His connection with Ritu and the refugee program was personal, not professional, and he didn’t want to risk alerting anyone to the transfers that had been happening across federal property.

“I’m not sure I should wait that long,” I said. We’d heard reports of AAC riots planned for the weekend, so we wanted to be home well before then.

“All right,” he said. “Just use common sense, then. Don’t get hurt. Don’t get injured.”


I gained confidence when I spotted Finger Rock. Below it was a crevice through the granite, and if I could climb through it, I’d come out in the high meadow where Ritu’s friend lived, just beyond the national park border.

This was the first winterless year we had. It was February, and already, what little snow had fallen in late December and early January had melted from all but the highest peaks. Bird song broadcast an early breeding season, and wildflowers bloomed two months too early.

In spite of my better wisdom, I got caught up in the excitement of early spring—-the sun, the songs, the blooms, the whispers of warmth, it was hard not to feel alive and vibrant, though I knew that this disruption of normal patterns signaled nothing good to come, even for those very chickadees and warblers now celebrating spring.


The significance hit me when I arrived in the high country to see the shrubs already in leaf.


A tidy cabin with a well-cared-for alpine garden stood at the far end of the meadow, across from the sign marking the park border.

This was where Ritu’s friend lived. This was where I’d meet the refugee.


There was no one home.

Tired from the trek, I lay down in the meadow, near the cabin. I’d hear them when they came back.


A peregrine flew overhead. It was early for them to be in their high country range.


I heard a child’s laughter. When I looked, there stood a little girl, who looked like a fairy dressed for a camping trip. She must be the daughter of Ritu’s friend, I figured. She ran off through the meadow and behind the trees before I could ask her where her mother was.


I walked until I came to a circle of boulders enclosing a mountain herb garden. Tending the wild mustard was an older woman, dressed in well-patched clothes. This was Rachel.

Sometimes you can tell when you first see someone that they will become your friend. That’s how I felt with Rachel.


I didn’t even have to explain myself. She knew who I was and why I’d come. Ritu had left word once Sept and I made our plans.

“They usually don’t stay,” she said, “when they’re arrive here. This is a good landing place, you see. No one to notice the distant lights, no one to see them being dropped off, except maybe the back country ranger, but then, he’s one of us, isn’t he?”


Rachel had helped about half a dozen refugees by that point. Usually, she kept them for a few days, long enough to acclimatize to the atmosphere, to help them adjust their disguises, to brush up on their language skills, and to review a few safety points and cultural conventions. Then, she walked them back to the park to where the ranger met them, and he arranged their transport back to one of Ritu’s pick-ups.


“But this one’s different,” she said. “This one needs a special touch.”

The little fairy girl joined us. I decided she must be Rachel’s granddaughter or great niece, not child, after all.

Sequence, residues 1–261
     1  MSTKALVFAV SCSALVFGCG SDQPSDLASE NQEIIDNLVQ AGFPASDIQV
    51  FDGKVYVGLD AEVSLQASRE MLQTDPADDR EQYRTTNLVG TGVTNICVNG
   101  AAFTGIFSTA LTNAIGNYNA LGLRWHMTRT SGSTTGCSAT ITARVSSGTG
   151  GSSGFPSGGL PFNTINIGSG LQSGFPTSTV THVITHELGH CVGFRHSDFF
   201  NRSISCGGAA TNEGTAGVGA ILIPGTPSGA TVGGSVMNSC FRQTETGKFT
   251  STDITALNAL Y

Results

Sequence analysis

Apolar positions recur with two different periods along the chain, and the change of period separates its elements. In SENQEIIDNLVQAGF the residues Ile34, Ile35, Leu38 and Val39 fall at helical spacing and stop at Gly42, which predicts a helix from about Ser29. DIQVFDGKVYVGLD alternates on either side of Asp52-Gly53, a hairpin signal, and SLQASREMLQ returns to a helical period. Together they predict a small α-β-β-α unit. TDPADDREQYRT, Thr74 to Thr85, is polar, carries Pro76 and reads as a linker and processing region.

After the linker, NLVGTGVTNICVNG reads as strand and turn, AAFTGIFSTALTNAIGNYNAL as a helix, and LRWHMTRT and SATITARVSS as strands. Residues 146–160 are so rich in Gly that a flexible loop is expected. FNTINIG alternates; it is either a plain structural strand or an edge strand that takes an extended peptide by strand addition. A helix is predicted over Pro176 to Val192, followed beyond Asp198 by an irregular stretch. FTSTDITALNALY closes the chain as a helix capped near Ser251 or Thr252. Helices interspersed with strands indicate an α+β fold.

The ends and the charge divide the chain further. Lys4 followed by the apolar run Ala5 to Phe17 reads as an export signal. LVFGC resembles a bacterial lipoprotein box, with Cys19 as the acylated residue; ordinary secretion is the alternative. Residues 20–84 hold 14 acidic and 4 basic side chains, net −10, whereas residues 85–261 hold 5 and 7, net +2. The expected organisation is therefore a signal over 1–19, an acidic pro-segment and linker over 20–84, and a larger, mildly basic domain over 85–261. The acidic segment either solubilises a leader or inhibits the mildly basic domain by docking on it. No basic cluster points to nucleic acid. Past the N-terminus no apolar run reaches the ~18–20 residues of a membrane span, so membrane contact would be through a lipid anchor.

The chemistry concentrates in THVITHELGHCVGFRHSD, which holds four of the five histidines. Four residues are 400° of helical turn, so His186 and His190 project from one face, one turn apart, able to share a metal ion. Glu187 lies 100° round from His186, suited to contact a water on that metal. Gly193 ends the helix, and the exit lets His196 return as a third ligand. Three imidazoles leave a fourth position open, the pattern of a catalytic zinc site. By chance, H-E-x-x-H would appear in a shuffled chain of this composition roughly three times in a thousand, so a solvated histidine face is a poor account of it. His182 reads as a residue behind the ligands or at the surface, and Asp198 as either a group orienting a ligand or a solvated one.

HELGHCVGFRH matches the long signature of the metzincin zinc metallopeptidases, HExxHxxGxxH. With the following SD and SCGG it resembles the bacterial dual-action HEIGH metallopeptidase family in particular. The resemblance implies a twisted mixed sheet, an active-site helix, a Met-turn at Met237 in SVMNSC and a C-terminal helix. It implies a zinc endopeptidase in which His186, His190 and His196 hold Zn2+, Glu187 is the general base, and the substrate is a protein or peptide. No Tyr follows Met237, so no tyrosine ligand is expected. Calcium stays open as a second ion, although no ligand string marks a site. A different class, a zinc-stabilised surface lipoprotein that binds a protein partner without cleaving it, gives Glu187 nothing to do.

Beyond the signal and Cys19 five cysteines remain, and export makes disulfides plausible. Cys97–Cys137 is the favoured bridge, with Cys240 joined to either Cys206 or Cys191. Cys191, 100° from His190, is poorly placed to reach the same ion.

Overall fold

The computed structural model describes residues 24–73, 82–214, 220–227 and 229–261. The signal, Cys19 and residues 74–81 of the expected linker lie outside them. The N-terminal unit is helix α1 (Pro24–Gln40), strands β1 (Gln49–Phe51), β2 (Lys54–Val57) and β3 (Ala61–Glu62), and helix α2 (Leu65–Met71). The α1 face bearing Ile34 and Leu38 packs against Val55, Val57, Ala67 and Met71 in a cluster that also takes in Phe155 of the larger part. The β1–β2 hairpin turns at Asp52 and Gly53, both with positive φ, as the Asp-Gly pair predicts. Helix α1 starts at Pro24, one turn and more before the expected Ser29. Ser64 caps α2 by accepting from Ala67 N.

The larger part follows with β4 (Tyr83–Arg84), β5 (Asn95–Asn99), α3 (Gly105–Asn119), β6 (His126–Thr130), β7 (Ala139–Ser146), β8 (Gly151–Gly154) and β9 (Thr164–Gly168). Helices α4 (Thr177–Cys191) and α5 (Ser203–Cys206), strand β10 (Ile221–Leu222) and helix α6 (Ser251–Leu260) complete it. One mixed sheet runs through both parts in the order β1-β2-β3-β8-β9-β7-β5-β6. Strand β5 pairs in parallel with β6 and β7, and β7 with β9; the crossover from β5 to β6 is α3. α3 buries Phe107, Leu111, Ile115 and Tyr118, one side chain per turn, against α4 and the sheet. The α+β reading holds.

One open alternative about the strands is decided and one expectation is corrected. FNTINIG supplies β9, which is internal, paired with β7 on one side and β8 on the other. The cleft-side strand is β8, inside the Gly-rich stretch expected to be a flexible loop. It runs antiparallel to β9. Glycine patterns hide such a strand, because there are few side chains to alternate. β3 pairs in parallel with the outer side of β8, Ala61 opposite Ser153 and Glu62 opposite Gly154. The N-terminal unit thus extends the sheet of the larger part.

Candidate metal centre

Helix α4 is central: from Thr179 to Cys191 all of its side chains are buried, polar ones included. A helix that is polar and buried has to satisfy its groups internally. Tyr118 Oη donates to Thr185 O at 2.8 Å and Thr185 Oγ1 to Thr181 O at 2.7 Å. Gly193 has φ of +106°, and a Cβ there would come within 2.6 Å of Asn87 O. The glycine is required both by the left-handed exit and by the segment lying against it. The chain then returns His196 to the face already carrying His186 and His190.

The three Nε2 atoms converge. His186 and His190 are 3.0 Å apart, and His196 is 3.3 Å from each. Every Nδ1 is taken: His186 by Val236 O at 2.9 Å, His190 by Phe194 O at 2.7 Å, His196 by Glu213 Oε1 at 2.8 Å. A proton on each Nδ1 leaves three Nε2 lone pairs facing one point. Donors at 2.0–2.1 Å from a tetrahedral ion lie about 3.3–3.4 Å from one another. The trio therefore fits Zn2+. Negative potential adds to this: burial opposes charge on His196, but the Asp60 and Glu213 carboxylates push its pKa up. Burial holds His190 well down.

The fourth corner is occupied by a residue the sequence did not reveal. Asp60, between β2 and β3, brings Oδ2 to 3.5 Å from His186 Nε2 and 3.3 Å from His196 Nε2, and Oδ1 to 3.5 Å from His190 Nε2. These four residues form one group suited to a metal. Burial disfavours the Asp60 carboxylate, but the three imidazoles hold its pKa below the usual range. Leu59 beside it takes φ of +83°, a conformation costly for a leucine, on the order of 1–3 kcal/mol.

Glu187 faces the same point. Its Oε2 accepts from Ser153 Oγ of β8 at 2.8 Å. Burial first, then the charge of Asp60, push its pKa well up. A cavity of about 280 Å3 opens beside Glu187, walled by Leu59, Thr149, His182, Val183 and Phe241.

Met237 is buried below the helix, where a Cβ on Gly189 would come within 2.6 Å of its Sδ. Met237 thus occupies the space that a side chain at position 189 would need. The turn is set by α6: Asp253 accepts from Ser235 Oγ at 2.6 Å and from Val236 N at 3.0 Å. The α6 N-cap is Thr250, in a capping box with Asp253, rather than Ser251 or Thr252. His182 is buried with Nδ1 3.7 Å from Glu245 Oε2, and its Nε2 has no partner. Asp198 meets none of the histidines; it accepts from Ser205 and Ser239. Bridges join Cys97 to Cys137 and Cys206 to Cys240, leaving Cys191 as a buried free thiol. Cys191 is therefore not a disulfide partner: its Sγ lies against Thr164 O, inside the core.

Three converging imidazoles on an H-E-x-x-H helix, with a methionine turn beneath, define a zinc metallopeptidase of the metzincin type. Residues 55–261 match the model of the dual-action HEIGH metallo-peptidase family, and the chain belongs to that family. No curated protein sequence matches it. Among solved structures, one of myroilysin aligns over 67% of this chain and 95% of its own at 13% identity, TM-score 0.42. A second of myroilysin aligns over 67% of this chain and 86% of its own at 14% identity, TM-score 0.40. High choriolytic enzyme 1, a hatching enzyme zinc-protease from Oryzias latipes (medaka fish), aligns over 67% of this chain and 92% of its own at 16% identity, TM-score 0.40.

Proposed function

Rachel turned to her and began speaking Vingihoplo. I caught the word gotukoda, home, and sanghi, safe.


“This is Santi,” Rachel said, and I understood then why this refugee could not travel alone.


Sintuliyu dastaliyu!” Santi said, using the traditional rebel greeting: peaceful day.

Sintu!” I said back.

The concept of sintu doesn’t directly translate to what we think of as “peace.” If peace were active–the making of peace, the partaking of peace, peace as the condition for life and energy and harmony, then it would come closer. I thought of the old hippie Super 8 films I’d seen shot at peace rallies, with “Peace,” as a greeting, shouted like a call to action. That was closer to what sintu expressed.

Santi raced off again.

“She’s happy here,” Rachel said, “but she knows she can’t stay.”

We walked slowly back to Rachel’s cabin.

“What do you know of the girl?” she asked.

I admitted I knew nothing, only that she needed safe escort to a sanctuary. We didn’t know then where she was headed, only that we’d bring her to our home, and from there, Ritu and Xirra could arrange for her to get to where she’d be staying.

“Do you know why she’s here?” Rachel asked. “Why she had to leave?”

I repeated that I knew nothing about her.

“She was a minstrel–in the medieval sense, not the Vaudeville sense–a court musician. She’s a clone of a type of extra-terrestrial that’s almost preternaturally talented at music, and she was created to provide a form of living entertainment for the elite.”


“Was she treated alright?” I asked.

“Oh, yes!” said Rachel. “Like one would treat a high-tech stereo. A valuable piece of property.”

“She had no freedom, then?” I asked.

“She was bizoo,” said Rachel. “You know what that means to the Mainstreamers, don’t you?”

I know now. Most of my life has been spent in the cause of bringing freedom to bizoobi, and I’ve heard more stories than I’ve let myself remember. But at the time, though Sept had told me what fate would have awaited him if Situ hadn’t taken action, I hadn’t yet integrated what I’d heard with my construct of reality.